25 February 2013
Allegory of the Cave
In his book, Republic, Plato tries to explain justice through different dialogues between Socrates and other people. He explains how to live a just life, what a just society should be, and how just leadership should be taken. One of the arguments he uses to explain justice involves four stages of philosophical education. He describes them through dialogue between Socrates and Glaucon at a dinner party. Socrates uses what is called the allegory of the cave to explain the importance of education and just leadership in society. The four stages he uses line up with a previous conversation about the four conditions of the soul. They correspond with four subsections: the highest of which is understanding, next is thought, then belief, and the last is imaging. Plato’s allegory illustrates the imaging stage first.
The allegory of the cave begins with prisoners at the bottom of Socrates’ cave. These prisoners are bound there, unable to move their necks and legs. Behind them is a fire providing the only source of light for them, but they cannot see the fire. Between the prisoners and the fire is a wall, where there are people that hold up all different kinds of artifacts above it to cast shadows against the wall in front of the prisoners. The prisoners would suppose that the shadows passing in front of them were talking as the carriers talked, and they would have names for all the different things they saw. Therefore, the prisoners would believe that the truth is nothing other than the shadows that the carriers are casting in front of them. This is what the imaging stage is in the allegory.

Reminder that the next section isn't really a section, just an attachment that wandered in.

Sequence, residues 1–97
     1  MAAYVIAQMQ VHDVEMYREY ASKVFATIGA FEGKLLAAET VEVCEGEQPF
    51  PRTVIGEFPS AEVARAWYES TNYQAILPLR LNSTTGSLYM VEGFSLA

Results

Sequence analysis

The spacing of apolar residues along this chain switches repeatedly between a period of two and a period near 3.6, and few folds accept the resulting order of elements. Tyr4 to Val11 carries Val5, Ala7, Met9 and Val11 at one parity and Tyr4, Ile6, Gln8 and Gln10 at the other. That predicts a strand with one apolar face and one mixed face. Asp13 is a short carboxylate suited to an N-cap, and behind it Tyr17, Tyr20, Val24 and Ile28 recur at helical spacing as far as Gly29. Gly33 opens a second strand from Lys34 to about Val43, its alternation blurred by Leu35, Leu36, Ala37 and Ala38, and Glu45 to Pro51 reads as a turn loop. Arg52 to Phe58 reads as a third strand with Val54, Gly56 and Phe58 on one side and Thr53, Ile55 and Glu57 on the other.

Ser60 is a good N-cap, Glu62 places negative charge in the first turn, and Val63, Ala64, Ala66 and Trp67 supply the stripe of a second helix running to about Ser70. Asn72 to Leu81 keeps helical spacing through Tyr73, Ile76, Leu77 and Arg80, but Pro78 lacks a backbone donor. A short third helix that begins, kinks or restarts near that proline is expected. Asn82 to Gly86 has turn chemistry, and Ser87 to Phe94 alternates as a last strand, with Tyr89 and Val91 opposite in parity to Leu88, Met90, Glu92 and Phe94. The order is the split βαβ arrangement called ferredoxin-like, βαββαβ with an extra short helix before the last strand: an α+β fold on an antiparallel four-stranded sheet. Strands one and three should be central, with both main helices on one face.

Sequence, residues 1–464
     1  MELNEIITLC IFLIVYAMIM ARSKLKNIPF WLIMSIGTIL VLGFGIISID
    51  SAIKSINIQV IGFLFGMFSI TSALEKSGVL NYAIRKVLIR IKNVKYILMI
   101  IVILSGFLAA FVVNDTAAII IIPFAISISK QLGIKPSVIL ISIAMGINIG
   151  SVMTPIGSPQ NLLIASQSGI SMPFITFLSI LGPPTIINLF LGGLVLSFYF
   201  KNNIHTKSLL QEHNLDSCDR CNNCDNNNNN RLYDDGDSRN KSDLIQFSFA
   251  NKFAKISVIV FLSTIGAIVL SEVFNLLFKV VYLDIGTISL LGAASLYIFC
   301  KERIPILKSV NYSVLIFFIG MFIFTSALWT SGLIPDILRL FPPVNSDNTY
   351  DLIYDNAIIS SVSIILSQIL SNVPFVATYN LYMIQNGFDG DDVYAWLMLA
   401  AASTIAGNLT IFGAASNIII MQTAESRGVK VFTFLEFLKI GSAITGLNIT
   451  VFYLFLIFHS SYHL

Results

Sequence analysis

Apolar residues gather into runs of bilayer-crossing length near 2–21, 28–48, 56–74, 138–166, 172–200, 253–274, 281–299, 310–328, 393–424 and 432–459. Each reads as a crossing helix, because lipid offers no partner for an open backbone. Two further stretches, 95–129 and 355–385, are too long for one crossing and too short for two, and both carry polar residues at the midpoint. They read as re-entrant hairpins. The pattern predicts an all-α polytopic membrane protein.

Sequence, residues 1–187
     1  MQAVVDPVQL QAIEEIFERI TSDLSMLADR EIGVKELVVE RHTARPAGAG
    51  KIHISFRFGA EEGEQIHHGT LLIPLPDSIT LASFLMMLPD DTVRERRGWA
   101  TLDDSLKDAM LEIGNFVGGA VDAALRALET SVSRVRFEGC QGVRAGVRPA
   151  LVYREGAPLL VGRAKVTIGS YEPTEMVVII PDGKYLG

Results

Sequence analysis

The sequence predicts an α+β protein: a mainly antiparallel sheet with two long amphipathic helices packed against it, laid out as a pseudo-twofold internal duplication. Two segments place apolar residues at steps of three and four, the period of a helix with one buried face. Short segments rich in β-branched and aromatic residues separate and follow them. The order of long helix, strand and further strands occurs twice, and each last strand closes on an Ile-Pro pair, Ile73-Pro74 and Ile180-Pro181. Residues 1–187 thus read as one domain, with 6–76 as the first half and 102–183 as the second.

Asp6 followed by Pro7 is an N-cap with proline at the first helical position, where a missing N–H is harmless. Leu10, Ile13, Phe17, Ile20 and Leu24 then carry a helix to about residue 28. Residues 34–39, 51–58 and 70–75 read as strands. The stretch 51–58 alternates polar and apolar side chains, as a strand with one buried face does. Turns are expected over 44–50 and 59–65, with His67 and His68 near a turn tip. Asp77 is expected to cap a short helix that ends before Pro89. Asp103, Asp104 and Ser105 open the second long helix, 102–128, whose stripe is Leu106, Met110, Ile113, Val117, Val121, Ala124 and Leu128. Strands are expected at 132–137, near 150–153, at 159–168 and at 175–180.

The belief stage is next. Socrates tells Glaucon to picture what would happen if one of these prisoners were to be freed and turned towards the light of the fire. The light would hurt his eyes, and he would be unable to name any of the real objects that passed by the fire. He would want to...
Please join StudyMode to read the full document